Revocability of Assignment: Definition & Explanation

Revocability of Assignment: Definition & Explanation
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  • 0:05 Assignments
  • 1:19 Donative Assignments
  • 2:09 Revocability
  • 4:00 Exceptions to Revocability
  • 5:27 Promissory Estoppel
  • 6:45 Lesson Summary
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Lesson Transcript
Instructor: Ashley Dugger

Ashley is an attorney. She has taught and written various introductory law courses.

A contract assignment means that one party transfers contract rights to another party. The type of the assignment determines if, and how, the assignment can be revoked. This lesson explains assignment revocability.

Assigments

A contract assignment is a transfer of property, or of a right, from one party to another party. The party transferring rights will be an original party to the contract. This party is the assignor. The party receiving rights will not be a party to the original contract. This party is the assignee.

There are two types of assignment. A party to a contract can assign the entire contract to another party. This means the party assigns both the rights and the obligations of the contract. Or, a party to a contract can assign only the rights or benefits of the contract.

For example, Green makes a contract with Yellow. Green agrees to clean Yellow's apartment, and Yellow agrees to pay Green $20. Green then assigns the benefits of the contract to Orange. This means that once Green cleans Yellow's apartment, Yellow will pay Orange $20. Green is the assignor and Orange is the assignee. Yellow is the obligor because he's obligated to pay $20.

Donative Assignments

An assignment can, itself, be an enforceable contract. Let's add to our scenario a little bit. Let's say Orange agrees to wash Green's car, and in exchange, Green assigns Orange the right to be paid by Yellow. Green and Orange have an agreement with consideration, or an assignment for value.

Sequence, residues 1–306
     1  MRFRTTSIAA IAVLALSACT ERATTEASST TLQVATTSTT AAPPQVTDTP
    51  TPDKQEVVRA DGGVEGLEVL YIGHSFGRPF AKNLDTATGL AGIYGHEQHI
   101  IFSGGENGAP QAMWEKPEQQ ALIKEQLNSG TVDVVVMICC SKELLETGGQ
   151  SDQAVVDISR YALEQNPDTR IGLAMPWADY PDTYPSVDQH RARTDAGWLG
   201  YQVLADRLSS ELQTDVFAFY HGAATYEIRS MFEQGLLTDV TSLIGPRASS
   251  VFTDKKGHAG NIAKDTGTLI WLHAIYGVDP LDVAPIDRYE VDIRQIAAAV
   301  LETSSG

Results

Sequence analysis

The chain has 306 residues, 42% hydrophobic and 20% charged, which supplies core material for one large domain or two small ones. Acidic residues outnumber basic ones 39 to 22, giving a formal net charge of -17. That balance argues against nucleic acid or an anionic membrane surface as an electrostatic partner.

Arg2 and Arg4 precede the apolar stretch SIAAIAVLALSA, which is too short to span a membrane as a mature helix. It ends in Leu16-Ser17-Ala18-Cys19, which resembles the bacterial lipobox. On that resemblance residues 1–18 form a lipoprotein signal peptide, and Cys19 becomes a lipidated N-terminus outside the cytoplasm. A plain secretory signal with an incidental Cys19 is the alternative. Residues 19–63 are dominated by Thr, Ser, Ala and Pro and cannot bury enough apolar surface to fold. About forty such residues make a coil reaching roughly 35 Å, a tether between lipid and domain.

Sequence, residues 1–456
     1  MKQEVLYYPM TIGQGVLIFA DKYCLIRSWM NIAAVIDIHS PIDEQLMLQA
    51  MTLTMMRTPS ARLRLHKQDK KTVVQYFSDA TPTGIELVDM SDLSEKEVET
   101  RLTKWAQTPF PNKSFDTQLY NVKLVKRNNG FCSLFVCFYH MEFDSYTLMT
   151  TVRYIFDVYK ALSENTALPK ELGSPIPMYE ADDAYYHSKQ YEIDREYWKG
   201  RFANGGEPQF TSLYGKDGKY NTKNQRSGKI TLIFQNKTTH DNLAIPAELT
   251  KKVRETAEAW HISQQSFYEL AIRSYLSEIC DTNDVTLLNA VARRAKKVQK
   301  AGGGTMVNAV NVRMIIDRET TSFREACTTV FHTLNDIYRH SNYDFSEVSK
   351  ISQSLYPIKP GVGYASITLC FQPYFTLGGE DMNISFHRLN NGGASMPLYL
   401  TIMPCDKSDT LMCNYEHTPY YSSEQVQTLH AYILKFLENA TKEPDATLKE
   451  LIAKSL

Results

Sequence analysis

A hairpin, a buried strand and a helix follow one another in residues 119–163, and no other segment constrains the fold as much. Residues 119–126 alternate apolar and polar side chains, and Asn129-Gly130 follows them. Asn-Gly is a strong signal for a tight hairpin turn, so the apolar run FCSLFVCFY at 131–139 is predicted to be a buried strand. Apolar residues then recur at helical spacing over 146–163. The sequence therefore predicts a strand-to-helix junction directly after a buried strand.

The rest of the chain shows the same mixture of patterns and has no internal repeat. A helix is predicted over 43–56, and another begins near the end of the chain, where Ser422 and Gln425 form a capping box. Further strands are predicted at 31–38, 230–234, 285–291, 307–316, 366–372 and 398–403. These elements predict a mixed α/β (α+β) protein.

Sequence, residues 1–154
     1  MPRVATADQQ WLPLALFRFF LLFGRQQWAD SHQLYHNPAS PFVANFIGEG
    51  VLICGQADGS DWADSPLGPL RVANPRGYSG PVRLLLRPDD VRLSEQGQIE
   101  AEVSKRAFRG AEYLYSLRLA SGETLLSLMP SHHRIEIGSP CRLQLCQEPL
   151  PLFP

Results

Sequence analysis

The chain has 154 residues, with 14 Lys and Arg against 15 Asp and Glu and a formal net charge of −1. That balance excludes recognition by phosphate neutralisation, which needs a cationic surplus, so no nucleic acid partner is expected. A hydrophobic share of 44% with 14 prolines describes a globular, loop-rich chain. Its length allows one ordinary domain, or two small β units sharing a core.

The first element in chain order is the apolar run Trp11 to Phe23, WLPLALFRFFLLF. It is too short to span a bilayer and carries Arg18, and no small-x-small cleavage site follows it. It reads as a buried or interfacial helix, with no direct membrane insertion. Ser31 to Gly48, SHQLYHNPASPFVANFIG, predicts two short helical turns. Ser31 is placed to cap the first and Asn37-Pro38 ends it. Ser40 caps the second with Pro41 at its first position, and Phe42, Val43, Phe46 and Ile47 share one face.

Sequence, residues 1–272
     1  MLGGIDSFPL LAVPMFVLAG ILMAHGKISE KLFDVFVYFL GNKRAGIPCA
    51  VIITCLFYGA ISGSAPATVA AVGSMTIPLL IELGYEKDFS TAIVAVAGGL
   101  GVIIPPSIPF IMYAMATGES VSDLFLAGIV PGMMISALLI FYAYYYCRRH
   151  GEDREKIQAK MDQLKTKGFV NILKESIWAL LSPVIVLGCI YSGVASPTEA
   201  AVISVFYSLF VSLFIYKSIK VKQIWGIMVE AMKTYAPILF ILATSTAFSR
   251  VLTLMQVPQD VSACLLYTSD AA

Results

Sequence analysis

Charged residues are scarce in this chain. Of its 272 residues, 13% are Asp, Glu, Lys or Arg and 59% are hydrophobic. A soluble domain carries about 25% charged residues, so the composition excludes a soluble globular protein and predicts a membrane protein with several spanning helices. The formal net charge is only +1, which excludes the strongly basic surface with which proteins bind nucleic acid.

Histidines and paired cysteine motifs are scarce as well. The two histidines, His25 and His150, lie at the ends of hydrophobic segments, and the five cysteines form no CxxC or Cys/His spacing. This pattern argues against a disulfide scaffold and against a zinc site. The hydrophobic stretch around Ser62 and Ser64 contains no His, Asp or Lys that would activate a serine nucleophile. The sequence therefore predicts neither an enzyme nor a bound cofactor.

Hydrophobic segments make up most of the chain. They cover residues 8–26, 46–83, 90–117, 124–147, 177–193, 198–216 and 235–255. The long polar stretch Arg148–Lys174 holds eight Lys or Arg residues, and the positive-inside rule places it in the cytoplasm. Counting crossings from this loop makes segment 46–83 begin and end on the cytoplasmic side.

An assignment can also be given gratuitously, or as a gift. An effective assignment doesn't require consideration. This type of assignment is called a donative assignment. Let's say Green doesn't need Yellow's $20, but he knows that Orange has been working overtime for extra cash. Green can assign the $20 to Orange as a gift.

Revocability

The revocability of an assignment depends on the type of assignment. Assignments made for value, or with consideration, are irrevocable. This means that the assignor cannot cancel or take back the assignment.

Donative assignments, though, are generally revocable. This means that the assignor can cancel or take back the assignment under certain circumstances.

There are four different ways that the assignor can revoke a donative assignment. First, the assignor can simply notify the assignee that the assignor revokes the assignment. In our scenario, Green would simply tell Orange that he's changed his mind.

Second, the assignor can revoke the assignment by directly accepting the obligor's performance. In our scenario, Green would accept the $20 from Yellow rather than having Yellow pay Orange.

Third, the assignor can make a subsequent assignment of the same right to another party. In our scenario, this means that after assigning Orange the right to collect $20 from Yellow, Green would assign Blue the right to collect $20 from Yellow. The subsequent assignment to Blue automatically revokes the assignment to Orange.

Lastly, the assignment will be automatically revoked as a matter of law if the assignor dies or declares bankruptcy. In our scenario, let's say that Green declares bankruptcy shortly after assigning his rights to Orange. If Orange hasn't received the $20 yet, then the assignment will be automatically revoked.

Exceptions to Revocability

Sometimes a donative assignment can't be revoked. There are four general exceptions to the revocability of a donative assignment.

First, the assignor can't revoke the assignment if the obligor has already performed the obligation. In our scenario, this means that Green can't revoke the assignment to Orange if Yellow has already paid Orange.

Second, the assignor can't revoke the assignment if the assignment is made in writing. In our scenario, let's say that Green writes a letter to Orange announcing his assignment to Orange. Green can't then revoke the assignment.

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